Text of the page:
Mr. CAWLEY. Yes, sir.
Senator FERGUSON. Have you transferred any of your regular employees from your regular civilian work, the ordinary work, to this mobilization payroll?
Mr. CAWLEY. Yes, sir. Senator FERGUSON. Have you changed their status and salaries? Have you had promotions?
Mr. CAWLEY. There have been promotions.
LIST OF PROMOTIONS AND CHANGES IN PAY
Senator FERGUSON. Will you give us a list of all of the promotions, and how much they were and what was the difference in pay?
Mr. CAWLEY. If I may provide that to the committee?
TRANSFER OF PERSONNEL TO NPA
Mr. CAWLEY. We transferred approximately 400 people from the regular activities of the Department into the NPA and placed them on the NPA rolls. The money from which they were previously paid was impounded as part of the reserves, required in the last appropriation act. That money is still impounded. The Secretary has laid down a firm policy in the Department, that persons transferring to the National Production Authority generally speaking, will not be permitted more than a one-grade increase above a grade 10.
Senator FERGUSON. Why should they have any grade increase? What is the difference between working in mobilization and working in nonmobilization work?
Mr. Cawley. In his policy, he answers that question in this way: That his policy does not necessarily mean they get an increase, but if the work merits one, it is proper to advance them.
Senator FERGUSON. Why is the work in Mobilization different than in nonmobilization ? Take a clerk or an administrator? What is the difference?
Mr. Cawley. Increased responsibilities. Senator FERGUSON. What is the increased responsibility? You will have to point that out; will you not?
Mr. CAWLEY. We do to the Civil Service Commission.
Senator FERGUSON. You will have to point it out to this committee. Why should we allow you to have increases without showing us that there is a harder job to be done?
Mr. CAWLEY. I think that is quite true. As we show you these promotions, we will be glad to state the added responsibilities which brought about the increase.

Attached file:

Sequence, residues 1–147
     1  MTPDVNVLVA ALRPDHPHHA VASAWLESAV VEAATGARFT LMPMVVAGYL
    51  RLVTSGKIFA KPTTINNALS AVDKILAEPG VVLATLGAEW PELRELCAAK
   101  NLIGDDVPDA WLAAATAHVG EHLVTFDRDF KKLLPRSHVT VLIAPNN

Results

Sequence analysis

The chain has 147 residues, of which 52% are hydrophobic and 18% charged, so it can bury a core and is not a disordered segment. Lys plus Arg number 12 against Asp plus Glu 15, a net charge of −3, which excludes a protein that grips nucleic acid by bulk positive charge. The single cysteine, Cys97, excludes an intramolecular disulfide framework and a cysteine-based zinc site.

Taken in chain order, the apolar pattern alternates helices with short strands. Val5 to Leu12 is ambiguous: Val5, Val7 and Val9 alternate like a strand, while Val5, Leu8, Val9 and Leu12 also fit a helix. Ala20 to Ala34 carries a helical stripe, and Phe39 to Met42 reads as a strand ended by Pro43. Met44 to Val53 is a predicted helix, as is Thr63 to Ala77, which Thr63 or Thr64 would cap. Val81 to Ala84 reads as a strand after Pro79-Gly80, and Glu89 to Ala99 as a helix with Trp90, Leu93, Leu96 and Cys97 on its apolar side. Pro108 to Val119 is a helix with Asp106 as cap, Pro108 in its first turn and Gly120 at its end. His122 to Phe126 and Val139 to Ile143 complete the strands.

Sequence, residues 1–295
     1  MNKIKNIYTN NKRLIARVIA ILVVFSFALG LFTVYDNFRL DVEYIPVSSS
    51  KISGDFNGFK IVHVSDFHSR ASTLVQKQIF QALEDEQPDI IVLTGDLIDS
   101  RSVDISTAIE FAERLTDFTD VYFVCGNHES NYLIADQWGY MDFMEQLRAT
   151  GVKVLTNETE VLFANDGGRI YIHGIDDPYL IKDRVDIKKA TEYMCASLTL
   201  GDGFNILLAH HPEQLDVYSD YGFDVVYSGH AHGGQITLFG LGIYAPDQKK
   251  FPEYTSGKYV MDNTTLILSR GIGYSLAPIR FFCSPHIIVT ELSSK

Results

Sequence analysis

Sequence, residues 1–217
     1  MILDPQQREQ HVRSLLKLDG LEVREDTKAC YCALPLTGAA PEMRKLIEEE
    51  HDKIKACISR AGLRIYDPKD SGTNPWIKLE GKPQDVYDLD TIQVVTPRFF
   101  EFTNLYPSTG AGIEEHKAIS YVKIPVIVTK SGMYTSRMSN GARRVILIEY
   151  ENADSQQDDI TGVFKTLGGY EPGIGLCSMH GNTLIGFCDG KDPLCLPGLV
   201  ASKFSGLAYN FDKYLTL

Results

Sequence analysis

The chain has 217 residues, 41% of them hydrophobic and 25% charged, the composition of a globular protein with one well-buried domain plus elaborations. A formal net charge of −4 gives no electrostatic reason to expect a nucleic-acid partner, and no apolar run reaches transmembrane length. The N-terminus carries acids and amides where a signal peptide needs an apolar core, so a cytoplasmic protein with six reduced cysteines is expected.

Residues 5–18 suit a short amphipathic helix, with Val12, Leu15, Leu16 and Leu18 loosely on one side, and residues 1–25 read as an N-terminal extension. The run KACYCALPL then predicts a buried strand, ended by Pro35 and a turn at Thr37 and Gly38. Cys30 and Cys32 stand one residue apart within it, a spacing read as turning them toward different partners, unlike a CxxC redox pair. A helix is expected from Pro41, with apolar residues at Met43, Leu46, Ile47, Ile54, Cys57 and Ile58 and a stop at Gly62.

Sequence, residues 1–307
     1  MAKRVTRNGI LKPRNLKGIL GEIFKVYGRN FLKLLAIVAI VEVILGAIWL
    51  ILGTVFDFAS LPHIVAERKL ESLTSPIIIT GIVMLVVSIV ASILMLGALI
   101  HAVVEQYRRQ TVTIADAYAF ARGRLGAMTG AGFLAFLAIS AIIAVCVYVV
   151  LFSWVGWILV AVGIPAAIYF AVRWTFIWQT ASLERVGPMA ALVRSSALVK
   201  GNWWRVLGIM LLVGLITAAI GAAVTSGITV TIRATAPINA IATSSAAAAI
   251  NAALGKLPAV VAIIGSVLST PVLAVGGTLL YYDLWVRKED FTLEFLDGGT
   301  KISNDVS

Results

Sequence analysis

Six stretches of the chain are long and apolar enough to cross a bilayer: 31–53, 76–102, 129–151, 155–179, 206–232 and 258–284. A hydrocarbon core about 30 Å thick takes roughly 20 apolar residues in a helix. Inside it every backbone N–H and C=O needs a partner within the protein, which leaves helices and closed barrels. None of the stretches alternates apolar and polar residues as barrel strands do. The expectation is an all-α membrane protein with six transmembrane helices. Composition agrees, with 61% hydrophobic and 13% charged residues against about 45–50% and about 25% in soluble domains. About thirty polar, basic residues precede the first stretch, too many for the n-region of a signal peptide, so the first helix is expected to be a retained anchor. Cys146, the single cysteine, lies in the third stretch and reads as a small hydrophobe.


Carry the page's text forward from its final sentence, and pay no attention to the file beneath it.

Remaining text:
Senator FERGUSON. I am trying to find out where Government is tightening its belt. We are telling the people back home to tighten their belts. We are going into an emergency so they must tighten their belts. I have to try and show the people where we have pulled the belt in in Government. Instead of finding it, we find the waistline getting bigger. These promotions are coming. You are saying they are more important jobs. The people back home have more important jobs because of defense, but they are not getting more money. We are going to try and put a clamp on that. We are fixing prices and profits.
Mr. CAWLEY. There is one other statement I would like to make, as it affects the bureaus and offices of the Department. An organization such as the Civil Aeronautics Administration feels quite intensely the impact of the mobilization work. I think their record is very good on that.
CENSUS PERSONNEL AND THE MOBILIZATION EFFORT
Senator FERGUSON. I appreciate that, but I cannot see how the Census Bureau at all can be affected by this. I think you can cut out a lot of your details on the Census and put it over a period of years, rather than to try to do it now, when we need the manpower for real mobilization.
Mr. CAWLEY. The War Production Board in the last war utilized the Census Bureau almost exclusively on the matter of vital statistics for war purposes. That is beginning right now. The NPA is looking more and more to the Census Bureau.